U.S. Law Center

Dance studios are struggling with tougher immigration rules

Dance studio owners in California and around the country are finding it increasingly difficult to find qualified instructors, and many of them say stricter visa application requirements are to blame. A Connecticut studio owner thought that she had finally found the perfect candidate after a year of advertising, but the Greek national she planned to hire was detained at a New York airport and sent back to Europe.

The backlog for work visas is growing longer, and foreign dance instructors are being subjected to additional scrutiny and asked to produce an endless list of documents. Studio owners who cannot find qualified candidates in the United States say the Trump administration is deliberately making the process difficult. According to the American Immigration Lawyers Association, the processing time for a work visa has grown by 46% since 2016. The current waiting time is almost 10 months.

Foreign dance instructors usually apply for O-1 visas, which allow individuals with extremely rare abilities or achievements to work in the United States for three years. Studios say that many of them complete their applications and submit supporting documents only to be denied after months of waiting. When asked about these problems, a representative from the Center for Immigration Studies had little sympathy for dance studio owners. He suggested they close their businesses if they cannot find qualified help. Experts say these frustrations are prompting many talented individuals who could contribute greatly to the American economy to pursue opportunities elsewhere.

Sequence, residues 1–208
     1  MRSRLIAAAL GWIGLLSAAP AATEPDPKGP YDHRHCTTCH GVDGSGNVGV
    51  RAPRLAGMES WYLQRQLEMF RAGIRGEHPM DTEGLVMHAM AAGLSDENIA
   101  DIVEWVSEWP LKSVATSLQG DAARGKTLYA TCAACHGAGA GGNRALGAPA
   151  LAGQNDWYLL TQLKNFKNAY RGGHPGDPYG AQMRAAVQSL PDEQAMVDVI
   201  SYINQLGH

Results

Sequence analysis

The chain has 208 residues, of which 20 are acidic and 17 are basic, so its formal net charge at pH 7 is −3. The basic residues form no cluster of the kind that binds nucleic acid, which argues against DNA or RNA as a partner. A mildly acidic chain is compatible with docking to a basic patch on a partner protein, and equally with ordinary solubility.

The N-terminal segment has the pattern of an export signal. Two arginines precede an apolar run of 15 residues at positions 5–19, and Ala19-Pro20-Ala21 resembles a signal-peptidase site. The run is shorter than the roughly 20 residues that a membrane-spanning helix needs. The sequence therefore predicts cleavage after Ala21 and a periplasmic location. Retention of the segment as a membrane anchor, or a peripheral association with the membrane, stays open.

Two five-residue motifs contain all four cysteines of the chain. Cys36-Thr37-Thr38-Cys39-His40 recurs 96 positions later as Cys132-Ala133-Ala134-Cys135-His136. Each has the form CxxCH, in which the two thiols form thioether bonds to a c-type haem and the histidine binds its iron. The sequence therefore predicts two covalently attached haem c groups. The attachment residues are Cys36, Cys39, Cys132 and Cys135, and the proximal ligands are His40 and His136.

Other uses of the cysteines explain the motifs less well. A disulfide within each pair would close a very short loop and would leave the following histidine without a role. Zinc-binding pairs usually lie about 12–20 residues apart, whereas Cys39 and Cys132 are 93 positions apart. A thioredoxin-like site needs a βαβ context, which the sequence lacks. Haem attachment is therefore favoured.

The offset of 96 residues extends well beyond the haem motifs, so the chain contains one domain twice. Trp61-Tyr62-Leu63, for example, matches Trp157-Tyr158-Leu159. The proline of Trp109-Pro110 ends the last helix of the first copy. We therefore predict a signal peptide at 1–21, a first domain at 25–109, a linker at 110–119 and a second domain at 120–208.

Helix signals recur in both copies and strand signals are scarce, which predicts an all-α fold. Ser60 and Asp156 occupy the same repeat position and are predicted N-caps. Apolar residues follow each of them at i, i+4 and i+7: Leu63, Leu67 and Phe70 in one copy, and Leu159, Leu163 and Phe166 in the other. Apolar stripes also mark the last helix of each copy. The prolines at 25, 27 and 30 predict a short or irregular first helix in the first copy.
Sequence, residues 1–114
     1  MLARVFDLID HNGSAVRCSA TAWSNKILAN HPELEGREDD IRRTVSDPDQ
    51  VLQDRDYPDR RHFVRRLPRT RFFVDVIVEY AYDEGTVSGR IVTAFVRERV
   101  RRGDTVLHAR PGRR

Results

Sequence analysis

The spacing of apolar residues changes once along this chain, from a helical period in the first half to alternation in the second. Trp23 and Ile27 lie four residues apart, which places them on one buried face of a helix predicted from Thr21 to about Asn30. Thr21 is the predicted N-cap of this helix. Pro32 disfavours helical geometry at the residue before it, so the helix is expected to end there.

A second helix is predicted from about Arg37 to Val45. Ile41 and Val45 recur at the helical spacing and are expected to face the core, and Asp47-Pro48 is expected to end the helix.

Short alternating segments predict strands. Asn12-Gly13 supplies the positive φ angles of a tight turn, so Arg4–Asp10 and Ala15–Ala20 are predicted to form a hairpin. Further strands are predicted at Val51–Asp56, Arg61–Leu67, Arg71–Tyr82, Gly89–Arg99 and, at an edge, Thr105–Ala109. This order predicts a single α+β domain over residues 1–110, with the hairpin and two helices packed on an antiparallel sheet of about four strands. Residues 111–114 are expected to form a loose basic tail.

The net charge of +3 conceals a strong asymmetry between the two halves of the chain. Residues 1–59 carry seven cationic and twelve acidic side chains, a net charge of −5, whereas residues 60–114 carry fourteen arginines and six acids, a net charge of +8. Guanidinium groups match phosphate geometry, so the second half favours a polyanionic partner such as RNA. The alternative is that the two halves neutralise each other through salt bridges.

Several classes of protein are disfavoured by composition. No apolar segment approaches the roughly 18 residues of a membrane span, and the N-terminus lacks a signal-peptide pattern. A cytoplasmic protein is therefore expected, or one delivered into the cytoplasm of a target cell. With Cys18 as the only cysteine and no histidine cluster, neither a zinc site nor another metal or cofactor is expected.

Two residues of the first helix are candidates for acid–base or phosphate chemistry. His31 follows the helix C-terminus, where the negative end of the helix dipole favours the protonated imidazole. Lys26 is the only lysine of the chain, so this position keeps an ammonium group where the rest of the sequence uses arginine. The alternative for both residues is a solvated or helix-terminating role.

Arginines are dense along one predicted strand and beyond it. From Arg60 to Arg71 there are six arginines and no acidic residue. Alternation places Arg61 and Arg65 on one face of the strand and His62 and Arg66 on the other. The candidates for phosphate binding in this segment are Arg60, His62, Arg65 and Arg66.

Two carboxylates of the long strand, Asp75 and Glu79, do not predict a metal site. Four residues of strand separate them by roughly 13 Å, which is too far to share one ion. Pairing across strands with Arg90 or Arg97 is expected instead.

Ensuring that visa applications are completed correctly and submitted promptly is especially important when applicants are subjected to more thorough screening. Attorneys with experience in this area could explain the requirements of the various employment-based visas available and help employers to navigate the sometimes challenging bureaucratic process. Attorneys may also file appeals on behalf of employers when work visas are denied.

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